After a brief ownership by Mattel, the Feld family reacquired Ringling Bros. and Barnum & Bailey« on March 17, 1982. When Irvin Feld suddenly died on September 6, 1984, Kenneth Feld immediately stepped in to assume control and sustain, if not surpass, the level of entertainment excellence set forth by his father and other legendary showmen before him.
Commercial Bank of Scotland History
In 1810, the Commercial Banking Company of Scotland was founded in Edinburgh as a copartnership to provide banking facilities to commercial, industrial and agricultural businessmen of modest means - it was to be 'the bank of the citizens'. As a joint stock bank with substantial capitalisation and shareholding it presented a considerable challenge to the existing public banks which had tended to do business only with individuals or companies of substance. From the outset it issued its own notes and began to establish branches over a wide geographical area. By 1815 it had fourteen branches and had moved from the then suburban environs of Leith Walk into a head office in High Street, close to Edinburgh's commercial centre.
Commercial Banking Company grew rapidly acquiring the Caithness Banking Company (established 1812) of Wick in 1825. It finally secured a Royal Charter in December 1831 and changed its name to Commercial Bank of Scotland. By 1840 the bank boasted forty-five branches and, in 1844, took over the Arbroath Banking Company (established 1825), operating in Arbroath and Forfar. In 1843 the bank acquired property in George Street where, four years later, it opened a magnificent, purpose-built head office designed by architect David Rhind in the style of a Greek temple decorated with pillars and pediment. By 1850 it had fifty-three branches, the second largest network of any Scottish bank. Despite its substantial presence in Glasgow, the bank was virtually unaffected by the failure of Western Bank in 1857 but in 1879, following the disastrous collapse of the City of Glasgow Bank, Commercial Bank registered under the Companies Act trading with limited liability from 1882. In 1883, following the example of other Scottish banks, Commercial Bank opened an office in London and by 1900 had 138 branch banks. During the First World War one sixth of Commercial Bank's staff were killed on active service, but the businesses continued to thrive increasing the number of its branches to 240 in 1920. During the inter-war period it became the second largest bank in Scotland in terms of liabilities, deposits and advances.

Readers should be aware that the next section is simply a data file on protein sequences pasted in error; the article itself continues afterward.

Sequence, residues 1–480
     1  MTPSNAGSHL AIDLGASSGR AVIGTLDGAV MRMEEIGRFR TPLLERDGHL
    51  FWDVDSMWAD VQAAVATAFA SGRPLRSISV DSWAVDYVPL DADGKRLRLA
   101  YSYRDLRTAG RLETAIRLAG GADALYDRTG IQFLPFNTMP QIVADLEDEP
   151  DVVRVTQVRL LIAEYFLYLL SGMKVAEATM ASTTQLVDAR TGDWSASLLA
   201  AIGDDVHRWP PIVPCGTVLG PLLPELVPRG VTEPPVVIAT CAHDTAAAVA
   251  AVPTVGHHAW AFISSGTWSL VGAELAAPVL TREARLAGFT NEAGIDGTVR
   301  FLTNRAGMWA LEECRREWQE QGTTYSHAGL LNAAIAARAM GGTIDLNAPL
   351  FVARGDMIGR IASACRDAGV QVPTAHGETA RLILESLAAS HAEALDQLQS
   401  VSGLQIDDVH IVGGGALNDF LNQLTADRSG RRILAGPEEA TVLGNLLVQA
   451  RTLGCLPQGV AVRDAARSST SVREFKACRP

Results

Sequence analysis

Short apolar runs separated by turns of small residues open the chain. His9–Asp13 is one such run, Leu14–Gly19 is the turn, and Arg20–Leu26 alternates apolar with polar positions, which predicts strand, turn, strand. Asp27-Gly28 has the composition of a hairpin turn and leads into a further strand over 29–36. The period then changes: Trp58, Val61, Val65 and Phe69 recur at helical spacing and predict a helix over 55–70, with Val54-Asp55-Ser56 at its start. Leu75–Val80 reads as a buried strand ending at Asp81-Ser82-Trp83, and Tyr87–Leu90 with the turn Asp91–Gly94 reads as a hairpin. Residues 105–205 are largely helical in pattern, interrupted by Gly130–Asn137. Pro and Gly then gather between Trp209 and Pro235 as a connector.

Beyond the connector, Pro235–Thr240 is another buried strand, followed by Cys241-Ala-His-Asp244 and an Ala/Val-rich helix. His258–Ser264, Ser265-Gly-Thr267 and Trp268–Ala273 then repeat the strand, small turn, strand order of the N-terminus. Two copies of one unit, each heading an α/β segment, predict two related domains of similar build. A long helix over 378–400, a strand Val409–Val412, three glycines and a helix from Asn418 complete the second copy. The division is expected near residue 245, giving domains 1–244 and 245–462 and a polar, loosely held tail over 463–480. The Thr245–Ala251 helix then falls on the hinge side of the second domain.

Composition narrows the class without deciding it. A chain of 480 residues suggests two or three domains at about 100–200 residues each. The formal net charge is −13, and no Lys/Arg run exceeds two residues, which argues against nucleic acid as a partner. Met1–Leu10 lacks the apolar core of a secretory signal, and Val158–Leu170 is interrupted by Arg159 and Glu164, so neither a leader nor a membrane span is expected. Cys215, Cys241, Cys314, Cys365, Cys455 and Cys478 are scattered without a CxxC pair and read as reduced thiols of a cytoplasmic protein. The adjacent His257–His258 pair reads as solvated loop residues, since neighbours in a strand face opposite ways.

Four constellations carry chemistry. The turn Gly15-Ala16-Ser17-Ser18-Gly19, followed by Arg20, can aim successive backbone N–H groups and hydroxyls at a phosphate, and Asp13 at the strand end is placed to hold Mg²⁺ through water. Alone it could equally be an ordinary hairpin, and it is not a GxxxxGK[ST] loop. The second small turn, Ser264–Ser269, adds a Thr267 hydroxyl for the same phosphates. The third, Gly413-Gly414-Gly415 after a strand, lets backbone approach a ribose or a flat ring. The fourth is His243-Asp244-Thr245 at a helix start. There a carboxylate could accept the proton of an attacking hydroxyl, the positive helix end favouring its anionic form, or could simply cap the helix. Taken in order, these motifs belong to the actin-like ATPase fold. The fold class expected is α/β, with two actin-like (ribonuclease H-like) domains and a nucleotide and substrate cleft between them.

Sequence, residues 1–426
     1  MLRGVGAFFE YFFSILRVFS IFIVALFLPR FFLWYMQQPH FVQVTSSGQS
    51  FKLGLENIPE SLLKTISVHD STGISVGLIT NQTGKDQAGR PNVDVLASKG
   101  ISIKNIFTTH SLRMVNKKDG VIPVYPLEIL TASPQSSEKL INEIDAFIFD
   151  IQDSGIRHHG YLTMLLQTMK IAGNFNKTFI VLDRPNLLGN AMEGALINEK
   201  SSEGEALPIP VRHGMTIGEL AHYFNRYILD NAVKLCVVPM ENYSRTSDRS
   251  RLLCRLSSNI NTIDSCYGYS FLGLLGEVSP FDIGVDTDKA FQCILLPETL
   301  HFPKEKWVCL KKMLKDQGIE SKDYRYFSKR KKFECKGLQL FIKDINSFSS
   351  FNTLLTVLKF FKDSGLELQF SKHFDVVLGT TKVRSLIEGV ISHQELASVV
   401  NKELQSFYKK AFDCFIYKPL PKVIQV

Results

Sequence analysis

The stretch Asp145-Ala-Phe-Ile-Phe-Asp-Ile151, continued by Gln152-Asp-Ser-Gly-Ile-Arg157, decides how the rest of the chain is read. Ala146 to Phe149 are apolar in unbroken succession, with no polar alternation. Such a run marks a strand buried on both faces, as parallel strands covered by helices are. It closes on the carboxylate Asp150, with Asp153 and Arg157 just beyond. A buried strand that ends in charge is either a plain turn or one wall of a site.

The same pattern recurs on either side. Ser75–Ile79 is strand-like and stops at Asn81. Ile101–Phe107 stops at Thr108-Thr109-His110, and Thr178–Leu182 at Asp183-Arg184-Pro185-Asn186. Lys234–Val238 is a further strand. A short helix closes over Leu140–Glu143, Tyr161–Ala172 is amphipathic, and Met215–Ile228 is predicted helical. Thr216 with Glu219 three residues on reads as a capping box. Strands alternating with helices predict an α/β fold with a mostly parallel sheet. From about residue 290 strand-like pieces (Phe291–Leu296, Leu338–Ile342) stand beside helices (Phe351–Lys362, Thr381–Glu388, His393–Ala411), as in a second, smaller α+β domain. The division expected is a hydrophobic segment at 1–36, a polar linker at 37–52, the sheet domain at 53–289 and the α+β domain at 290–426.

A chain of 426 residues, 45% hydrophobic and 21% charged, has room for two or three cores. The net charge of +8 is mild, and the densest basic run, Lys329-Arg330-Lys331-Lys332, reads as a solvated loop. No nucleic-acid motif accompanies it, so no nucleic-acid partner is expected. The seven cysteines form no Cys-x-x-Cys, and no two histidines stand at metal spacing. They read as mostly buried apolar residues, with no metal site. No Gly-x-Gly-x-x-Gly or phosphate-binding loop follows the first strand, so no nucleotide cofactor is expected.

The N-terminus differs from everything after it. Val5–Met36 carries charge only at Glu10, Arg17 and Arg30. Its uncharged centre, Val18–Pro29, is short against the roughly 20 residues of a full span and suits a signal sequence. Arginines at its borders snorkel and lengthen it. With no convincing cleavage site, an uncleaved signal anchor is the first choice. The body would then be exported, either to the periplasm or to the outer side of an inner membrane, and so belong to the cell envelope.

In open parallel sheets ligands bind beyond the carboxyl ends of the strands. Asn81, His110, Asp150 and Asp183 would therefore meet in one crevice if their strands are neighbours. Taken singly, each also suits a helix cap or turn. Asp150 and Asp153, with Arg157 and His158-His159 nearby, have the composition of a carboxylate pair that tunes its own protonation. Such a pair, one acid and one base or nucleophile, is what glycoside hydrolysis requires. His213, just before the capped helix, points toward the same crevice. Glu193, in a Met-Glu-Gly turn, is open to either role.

Despite its success and large number of branches, Commercial Bank's capital resources were modest, its interests undiversified and its management aware of the acute need to find a suitable trading partner. In 1951-2 desultory talks were held with the Bank of Scotland and Union Bank and later with Barclays Bank and British Linen Bank. However, in 1953, a new general manager, Ian Wilson Macdonald, determined to broaden the bank's interests. He recognised that hire purchase companies were profiting from funds borrowed from bankers and in 1954 negotiated the purchase of Scottish Midland Guarantee Trust, the hire purchase subsidiary of Scottish Motor Traction. Commercial Bank of Scotland thereby became the first British bank to take a direct financial interest in a hire purchase firm and the other banks were quick to follow. Later, in 1959, a merger agreement was reached with National Bank of Scotland (established 1825) to form National Commercial Bank of Scotland.